Sunday, February 28, 2016


Fear elicits a response from the Sympathetic component of our Autonomic Nervous System leading usually to a flight or fight response but also sometimes to freezing or feigning death. The latter two occur in animals but shame and severe condemnation of self or by others, by putting our brains in a lock down, freeze mode, can achieve the same result. 
The causes of fear are many; superstitious, religious, loss of life,  limb, organ or function, the deep, the dark, the steep and the unknown. Of all fears the social ones surrounding loss of ego are sometimes the most powerful and can lead to the kind of self-paralysis described above. 
Fear arises because of an appraisal of an impending threat. In most it leads to stress, in some it may lead to eustress or good stress which occurs in folks who thrive on stressful challenges. The defense mechanism was meant to rescue us from life or death situations and results in a pouring out of adrenalin and cortisol from the adrenal glands and a sympathetic nervous system overload (dilated pupils, dry mouth, increased heart rate and blood pressure etc.)  When we were hunter-gatherers and survived a lion attack, at the end of the ordeal our body would down regulate quickly to normal and there would be a sense of gratitude, empowerment and self mastery. In our modern era, however, stress leads to a chronic up regulation of the sympathetic nervous system leading to hypertension, an increase in pro-inflammatory factors which can cause atherosclerosis and certain autoimmune disorders and cancers. Chronic increases in cortisol can suppress the immune system and also predispose to diabetes. If we do not find a way to counteract chronic stress we will not endure good health or realize spiritual growth. Any spiritual practice will balance the scales by stimulating the parasympathetic nervous system, creating a relaxation response and down regulating the sympathetic overload. This is why yoga, meditation, chi gong, tai chi etc have become so popular in the West.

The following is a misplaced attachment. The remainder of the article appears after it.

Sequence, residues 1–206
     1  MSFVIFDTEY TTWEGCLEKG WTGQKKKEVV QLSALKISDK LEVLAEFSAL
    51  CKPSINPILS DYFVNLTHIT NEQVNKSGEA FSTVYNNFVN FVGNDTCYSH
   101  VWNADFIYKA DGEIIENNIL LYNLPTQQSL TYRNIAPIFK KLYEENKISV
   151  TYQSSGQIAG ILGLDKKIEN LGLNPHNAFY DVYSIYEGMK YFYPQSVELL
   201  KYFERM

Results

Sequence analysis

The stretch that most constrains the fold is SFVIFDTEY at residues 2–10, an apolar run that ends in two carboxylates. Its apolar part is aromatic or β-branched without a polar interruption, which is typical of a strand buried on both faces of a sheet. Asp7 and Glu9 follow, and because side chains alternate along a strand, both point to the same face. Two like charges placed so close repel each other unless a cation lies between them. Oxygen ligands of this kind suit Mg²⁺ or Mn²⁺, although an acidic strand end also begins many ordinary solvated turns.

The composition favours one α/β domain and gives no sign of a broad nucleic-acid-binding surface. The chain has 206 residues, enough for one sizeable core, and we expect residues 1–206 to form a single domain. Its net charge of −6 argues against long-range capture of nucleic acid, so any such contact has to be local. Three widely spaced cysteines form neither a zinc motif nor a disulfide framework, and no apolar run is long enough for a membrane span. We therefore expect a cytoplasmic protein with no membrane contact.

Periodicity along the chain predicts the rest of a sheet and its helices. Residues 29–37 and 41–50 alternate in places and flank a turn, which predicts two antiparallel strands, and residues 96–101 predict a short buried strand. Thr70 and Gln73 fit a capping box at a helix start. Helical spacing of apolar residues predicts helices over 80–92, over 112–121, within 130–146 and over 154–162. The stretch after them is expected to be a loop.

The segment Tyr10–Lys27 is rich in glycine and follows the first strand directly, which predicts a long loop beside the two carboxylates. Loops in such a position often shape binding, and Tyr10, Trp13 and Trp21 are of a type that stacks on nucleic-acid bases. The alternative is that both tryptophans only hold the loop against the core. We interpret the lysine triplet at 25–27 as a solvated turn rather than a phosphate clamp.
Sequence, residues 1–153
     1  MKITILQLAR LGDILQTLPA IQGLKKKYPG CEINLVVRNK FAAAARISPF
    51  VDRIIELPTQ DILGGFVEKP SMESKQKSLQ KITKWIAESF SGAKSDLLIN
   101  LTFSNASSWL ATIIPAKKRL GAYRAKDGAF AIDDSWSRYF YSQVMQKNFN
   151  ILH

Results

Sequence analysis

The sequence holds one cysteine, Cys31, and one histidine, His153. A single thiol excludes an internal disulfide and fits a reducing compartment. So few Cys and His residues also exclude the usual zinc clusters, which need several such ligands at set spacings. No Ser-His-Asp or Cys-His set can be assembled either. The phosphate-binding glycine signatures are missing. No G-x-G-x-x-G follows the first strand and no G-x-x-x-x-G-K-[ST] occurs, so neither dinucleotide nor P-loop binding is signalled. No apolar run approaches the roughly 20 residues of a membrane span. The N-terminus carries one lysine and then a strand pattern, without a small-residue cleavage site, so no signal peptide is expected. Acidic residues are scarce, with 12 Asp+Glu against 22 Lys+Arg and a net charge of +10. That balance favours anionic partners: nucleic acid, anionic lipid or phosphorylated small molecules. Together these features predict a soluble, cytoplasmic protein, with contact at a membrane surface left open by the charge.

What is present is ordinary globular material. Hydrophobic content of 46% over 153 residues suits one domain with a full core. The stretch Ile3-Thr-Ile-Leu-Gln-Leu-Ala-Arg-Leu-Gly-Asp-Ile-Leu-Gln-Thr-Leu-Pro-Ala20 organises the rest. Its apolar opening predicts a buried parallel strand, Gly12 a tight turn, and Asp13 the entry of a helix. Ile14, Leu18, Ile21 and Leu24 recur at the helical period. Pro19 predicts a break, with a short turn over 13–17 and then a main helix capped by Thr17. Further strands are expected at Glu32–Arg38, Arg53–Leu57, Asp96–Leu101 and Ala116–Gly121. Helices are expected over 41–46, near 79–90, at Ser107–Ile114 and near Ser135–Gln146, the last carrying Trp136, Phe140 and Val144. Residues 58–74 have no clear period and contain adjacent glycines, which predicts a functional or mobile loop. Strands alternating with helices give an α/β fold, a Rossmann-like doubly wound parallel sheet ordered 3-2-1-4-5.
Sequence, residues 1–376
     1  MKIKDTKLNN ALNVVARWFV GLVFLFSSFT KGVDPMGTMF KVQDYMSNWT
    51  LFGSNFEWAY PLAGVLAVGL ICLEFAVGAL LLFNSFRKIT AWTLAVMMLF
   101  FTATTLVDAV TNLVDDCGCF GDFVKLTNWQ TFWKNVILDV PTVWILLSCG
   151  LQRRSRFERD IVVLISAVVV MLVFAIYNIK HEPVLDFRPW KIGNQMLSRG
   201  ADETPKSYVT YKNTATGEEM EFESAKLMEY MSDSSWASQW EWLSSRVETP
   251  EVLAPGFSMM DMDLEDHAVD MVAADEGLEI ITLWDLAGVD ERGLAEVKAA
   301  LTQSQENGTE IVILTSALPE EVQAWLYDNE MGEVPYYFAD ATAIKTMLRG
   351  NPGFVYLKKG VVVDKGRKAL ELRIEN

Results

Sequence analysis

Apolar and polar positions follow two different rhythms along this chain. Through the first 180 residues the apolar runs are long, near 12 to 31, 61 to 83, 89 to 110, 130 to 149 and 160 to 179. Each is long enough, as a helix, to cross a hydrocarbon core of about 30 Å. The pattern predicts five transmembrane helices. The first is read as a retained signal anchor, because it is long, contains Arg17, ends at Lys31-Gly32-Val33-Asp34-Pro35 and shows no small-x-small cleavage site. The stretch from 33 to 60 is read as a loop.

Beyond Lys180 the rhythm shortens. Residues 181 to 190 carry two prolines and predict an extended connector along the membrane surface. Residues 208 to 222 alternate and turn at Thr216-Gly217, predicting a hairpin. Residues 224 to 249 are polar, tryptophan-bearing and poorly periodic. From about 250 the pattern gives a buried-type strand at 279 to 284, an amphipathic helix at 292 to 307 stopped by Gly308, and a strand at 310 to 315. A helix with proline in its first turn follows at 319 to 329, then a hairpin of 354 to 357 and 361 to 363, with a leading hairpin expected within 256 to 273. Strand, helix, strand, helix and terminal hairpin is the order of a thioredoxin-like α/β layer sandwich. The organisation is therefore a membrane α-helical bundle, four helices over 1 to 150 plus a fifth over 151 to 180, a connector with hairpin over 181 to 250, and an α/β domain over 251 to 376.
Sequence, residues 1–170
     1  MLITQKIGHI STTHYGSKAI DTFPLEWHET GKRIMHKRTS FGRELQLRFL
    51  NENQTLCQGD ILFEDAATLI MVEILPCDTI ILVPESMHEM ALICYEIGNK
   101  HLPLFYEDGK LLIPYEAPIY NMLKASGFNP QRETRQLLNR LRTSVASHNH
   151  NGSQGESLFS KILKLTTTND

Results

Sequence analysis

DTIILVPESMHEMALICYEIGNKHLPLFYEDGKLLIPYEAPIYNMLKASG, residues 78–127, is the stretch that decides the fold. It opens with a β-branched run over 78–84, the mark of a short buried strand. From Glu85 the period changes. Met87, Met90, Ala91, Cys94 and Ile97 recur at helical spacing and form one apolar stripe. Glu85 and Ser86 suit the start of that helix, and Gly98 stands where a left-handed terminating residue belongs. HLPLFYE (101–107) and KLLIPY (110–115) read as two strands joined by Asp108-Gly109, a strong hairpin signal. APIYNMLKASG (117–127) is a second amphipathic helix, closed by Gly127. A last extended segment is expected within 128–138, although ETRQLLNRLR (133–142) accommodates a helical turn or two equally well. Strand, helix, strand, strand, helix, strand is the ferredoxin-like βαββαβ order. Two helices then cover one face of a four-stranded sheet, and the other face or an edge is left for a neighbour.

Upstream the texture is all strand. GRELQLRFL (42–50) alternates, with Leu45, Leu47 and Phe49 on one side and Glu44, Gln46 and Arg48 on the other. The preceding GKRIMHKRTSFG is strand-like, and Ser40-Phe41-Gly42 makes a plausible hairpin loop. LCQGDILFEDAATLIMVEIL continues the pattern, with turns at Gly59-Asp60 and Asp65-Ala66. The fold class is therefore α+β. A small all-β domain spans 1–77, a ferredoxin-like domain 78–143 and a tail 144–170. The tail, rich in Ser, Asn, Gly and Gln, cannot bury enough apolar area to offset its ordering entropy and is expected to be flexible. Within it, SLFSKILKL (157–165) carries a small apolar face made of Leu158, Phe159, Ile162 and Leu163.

Overcoming fear leads to greater self-mastery, self-esteem and self-actualization. Hence the emphasis on the Hero/ine's journey recently. In all three phases of the journey (Separation, Threshold, Incorporation) described by Van Gennep and Joseph Campbell one encounters fear and overcomes it allowing one to obtain the "grail" of whatever it was that the journey offered up. 

Those that have further to go in self mastery will usually gain more from the challenge but an overload can be debilitating to the novice.  The army uses the following principles to increase the intensity of a perceived threat by; increasing the complexity of the task, the risk and consequences of failure and by decreasing the time given to complete it. Fear increases if the participant is kept ignorant of the exercise and does not know what to expect. All these principles also apply to our own lives and abilities to manage stress.
 Handling fear effectively is a vital part of our existence and self-transformation. 
As Aldo Leopold said; "it must be a poor life that obtains freedom from fear."

It is essential for us to have a spiritual practice which can help  balance the fear based polarities of our lives. The first Chakra is the energy center at the base of the spine responsible for survival but we should ensure that the challenges of just a day at work are not perceived by our bodies in the same way as if we were being chased by a bear. We have to raise the energy above the second and third chakras to the fourth or heart chakra of love above the diaphragm in order not only to live in harmony but for transpersonal growth. The diaphragm is critical for breath work which is a powerful way to get an immediate relaxation response in challenging circumstances.

We should all nurture, almost on a daily basis, a spiritual practice that is enjoyable, sustainable and done for its own sake for at least 20 minutes a day, if we are to heal and grow spiritually.

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